The Vinho Verde region spans a geographical area of about 24,000 hectares, which goes from the Atlantic coastline of northern Portugal to the more interior mountainous region, within the Minho district, but already on the border with neighboring Trás-os-Montes. Even though there are topographical and climate differences across the region, one thing the entire area does have in common is the existence of fertile lands where high rainfalls are frequent. Curiously, because these are soils rich in granite, they weren’t always particularly auspicious for agriculture, but thanks to human intervention, with climate and humidity aiding in this task, they have over the course of history become richer and more productive.

Viticulture for green wine making is quite peculiar. Vineyards are plants on the shores of the main rivers and affluents in the Minho wine region, which are known for their elevated soil acidity. Vines for green wine are usually planted according to specific vine management techniques, which may not be common elsewhere.

Bardo is the oldest vine planting system in the green wine region. It consists of a line of struts between 1.5 to 2 meters high, spread apart between 6 to 8 meters, which support 4 to 6 wires. The vines are usually planted in a tight space and flattened out, allowing them to give fruit pretty close to the soil. This type of vine organization allows for mechanical intervention for the upkeep of the plantation, something that naturally simplifies working on the vineyards with fewer people and in less amount of time.

Cruzeta is another vine structuring system, which was particularly common in the 70s, but it’s still pretty prevalent today. It consists of 2 poles, one vertical and another one horizontal, forming the shape of a cross, thus explaining the name of this technique in Portuguese. There are several crosses layed out in a line, with space of 5 to 8 meters between them, and wire connecting them all in line. The vineyards are pruned in a way which results in grapes only growing above the wires. This system isn’t as preferred as the ones above as the fruit isn’t always easy to get to and, as such, maintenance and treatments are more laborsome.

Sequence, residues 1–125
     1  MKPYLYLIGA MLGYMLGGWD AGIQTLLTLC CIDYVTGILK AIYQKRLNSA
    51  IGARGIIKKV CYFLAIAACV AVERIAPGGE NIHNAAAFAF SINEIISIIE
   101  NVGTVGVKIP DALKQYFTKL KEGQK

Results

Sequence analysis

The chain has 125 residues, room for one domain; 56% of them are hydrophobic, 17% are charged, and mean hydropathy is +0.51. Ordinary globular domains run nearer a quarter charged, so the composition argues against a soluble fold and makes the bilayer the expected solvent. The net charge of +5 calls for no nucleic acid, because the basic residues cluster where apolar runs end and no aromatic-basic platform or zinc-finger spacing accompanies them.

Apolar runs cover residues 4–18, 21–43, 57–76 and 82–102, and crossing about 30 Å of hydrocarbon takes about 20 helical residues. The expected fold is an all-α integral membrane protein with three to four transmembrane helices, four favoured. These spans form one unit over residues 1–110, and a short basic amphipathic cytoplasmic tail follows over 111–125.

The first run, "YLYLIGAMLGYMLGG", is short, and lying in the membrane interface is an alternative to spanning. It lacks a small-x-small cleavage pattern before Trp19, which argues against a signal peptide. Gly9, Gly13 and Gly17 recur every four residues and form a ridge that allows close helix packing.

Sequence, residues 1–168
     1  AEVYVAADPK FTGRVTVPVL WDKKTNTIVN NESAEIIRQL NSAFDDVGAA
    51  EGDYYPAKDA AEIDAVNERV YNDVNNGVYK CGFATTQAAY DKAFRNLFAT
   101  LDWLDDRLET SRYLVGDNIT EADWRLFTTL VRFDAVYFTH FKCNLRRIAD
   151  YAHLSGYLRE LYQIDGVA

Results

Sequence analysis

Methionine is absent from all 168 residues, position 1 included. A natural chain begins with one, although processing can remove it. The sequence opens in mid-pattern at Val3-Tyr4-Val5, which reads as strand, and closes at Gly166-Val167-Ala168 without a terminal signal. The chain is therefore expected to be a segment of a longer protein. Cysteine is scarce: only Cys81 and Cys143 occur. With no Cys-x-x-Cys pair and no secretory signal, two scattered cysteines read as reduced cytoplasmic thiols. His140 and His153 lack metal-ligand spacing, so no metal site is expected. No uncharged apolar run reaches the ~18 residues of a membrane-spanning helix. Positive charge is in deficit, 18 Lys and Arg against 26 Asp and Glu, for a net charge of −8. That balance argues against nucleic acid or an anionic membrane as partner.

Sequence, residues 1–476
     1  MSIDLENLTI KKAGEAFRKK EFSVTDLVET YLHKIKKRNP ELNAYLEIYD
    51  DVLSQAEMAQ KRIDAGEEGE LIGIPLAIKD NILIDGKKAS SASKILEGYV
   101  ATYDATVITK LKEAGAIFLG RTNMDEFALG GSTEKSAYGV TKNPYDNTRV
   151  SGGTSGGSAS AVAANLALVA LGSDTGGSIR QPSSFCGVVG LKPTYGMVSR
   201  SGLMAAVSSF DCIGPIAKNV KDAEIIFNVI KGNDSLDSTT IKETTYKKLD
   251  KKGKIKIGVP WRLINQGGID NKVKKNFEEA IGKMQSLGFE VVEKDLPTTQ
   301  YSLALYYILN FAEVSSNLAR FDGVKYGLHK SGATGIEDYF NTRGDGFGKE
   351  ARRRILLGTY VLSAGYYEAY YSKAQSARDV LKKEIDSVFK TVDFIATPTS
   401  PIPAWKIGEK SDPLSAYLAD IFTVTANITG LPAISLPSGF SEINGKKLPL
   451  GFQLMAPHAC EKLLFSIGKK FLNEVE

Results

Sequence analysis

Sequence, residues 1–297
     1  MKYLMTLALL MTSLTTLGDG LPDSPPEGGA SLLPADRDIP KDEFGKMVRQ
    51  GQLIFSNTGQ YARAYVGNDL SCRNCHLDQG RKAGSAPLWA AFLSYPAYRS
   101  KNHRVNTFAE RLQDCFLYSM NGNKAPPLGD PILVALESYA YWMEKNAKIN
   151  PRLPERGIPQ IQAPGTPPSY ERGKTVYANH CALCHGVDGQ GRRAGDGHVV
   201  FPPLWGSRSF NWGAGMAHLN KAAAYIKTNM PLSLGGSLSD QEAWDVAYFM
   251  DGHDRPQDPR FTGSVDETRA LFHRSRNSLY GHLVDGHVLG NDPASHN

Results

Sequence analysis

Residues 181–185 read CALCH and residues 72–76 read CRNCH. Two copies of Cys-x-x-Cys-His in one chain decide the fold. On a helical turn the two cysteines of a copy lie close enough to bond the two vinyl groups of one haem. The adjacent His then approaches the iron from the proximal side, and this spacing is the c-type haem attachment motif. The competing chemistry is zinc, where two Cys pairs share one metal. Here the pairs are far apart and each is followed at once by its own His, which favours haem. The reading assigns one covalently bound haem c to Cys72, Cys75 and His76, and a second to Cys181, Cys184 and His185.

The cordão vine management system came after cruzeta and bardo, as a development based on its predecessors. It also makes use of crosses and wires, as to ensure that vineyards can grow supporting themselves on these wires before they even grow their own sturdy enough branches. The vines are planted similarly to the bardo method, in a row. This system has proved to be one of the more fruitful ones, quite literally, as the vines tend to give fruit just 6 years after initially being planted. On the other hand, cruzeta would only require 4 years, but it’s a more prone system to the spreading of diseases across the plants, and with cordão we would be talking about 8 years.